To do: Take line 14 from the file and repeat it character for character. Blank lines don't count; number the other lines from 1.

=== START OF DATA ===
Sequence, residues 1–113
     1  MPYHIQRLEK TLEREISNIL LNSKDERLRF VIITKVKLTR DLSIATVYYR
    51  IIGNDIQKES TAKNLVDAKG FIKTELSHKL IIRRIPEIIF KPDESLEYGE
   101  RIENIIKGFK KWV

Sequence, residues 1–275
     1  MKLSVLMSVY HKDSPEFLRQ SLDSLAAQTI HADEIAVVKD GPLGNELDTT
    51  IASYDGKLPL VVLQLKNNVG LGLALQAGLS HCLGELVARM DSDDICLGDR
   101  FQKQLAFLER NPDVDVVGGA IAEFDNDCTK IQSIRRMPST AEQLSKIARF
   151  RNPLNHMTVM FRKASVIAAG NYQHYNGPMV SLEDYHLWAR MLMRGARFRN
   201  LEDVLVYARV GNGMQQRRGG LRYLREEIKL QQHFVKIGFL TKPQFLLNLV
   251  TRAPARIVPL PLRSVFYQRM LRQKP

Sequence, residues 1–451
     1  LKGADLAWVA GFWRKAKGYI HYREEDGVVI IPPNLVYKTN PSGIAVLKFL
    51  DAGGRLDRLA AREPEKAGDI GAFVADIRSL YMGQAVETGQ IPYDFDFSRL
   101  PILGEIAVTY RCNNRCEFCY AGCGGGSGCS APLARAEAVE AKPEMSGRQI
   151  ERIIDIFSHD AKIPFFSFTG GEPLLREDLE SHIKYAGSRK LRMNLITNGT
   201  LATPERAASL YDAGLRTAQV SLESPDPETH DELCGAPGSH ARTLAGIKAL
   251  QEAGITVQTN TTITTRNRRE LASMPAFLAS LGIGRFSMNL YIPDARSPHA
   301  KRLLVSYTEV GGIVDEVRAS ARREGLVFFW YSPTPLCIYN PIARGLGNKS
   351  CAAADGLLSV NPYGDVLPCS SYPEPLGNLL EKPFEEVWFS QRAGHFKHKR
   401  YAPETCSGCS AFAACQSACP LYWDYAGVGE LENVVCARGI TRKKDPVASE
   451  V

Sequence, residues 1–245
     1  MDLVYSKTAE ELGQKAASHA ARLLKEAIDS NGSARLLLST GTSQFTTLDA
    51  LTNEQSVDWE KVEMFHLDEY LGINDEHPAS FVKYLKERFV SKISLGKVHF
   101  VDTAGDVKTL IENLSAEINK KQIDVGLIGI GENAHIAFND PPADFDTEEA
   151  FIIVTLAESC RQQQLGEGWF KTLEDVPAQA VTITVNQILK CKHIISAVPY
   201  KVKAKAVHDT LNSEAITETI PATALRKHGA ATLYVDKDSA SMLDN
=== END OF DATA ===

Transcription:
    51  DAGGRLDRLA AREPEKAGDI GAFVADIRSL YMGQAVETGQ IPYDFDFSRL